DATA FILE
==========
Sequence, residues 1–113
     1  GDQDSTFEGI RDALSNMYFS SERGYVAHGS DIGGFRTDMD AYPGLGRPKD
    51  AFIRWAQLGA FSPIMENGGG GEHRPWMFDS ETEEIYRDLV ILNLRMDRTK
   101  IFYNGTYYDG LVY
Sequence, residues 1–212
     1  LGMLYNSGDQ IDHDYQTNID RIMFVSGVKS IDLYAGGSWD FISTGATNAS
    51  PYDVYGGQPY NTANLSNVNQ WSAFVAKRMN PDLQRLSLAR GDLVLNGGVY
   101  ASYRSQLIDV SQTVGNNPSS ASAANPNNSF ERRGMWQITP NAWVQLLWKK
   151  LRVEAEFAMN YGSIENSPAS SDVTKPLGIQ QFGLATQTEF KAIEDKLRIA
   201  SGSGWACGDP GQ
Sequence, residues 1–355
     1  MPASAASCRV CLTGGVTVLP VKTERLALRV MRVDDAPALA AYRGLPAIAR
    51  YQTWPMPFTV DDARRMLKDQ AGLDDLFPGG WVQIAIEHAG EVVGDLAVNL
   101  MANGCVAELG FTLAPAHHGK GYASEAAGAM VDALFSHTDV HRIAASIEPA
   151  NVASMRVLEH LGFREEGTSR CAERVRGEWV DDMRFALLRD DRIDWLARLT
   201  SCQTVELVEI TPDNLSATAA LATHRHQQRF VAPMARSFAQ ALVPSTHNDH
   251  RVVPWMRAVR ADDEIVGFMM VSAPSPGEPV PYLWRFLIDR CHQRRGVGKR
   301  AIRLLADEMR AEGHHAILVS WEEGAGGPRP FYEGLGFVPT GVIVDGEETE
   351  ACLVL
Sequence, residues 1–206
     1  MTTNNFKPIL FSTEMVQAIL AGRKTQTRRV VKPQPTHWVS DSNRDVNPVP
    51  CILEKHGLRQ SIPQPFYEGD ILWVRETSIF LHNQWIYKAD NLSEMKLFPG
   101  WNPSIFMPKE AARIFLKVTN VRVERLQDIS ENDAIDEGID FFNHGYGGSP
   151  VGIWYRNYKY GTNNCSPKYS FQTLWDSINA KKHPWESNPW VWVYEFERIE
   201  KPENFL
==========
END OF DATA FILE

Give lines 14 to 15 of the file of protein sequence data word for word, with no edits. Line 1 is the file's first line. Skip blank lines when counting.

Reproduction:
   101  MANGCVAELG FTLAPAHHGK GYASEAAGAM VDALFSHTDV HRIAASIEPA
   151  NVASMRVLEH LGFREEGTSR CAERVRGEWV DDMRFALLRD DRIDWLARLT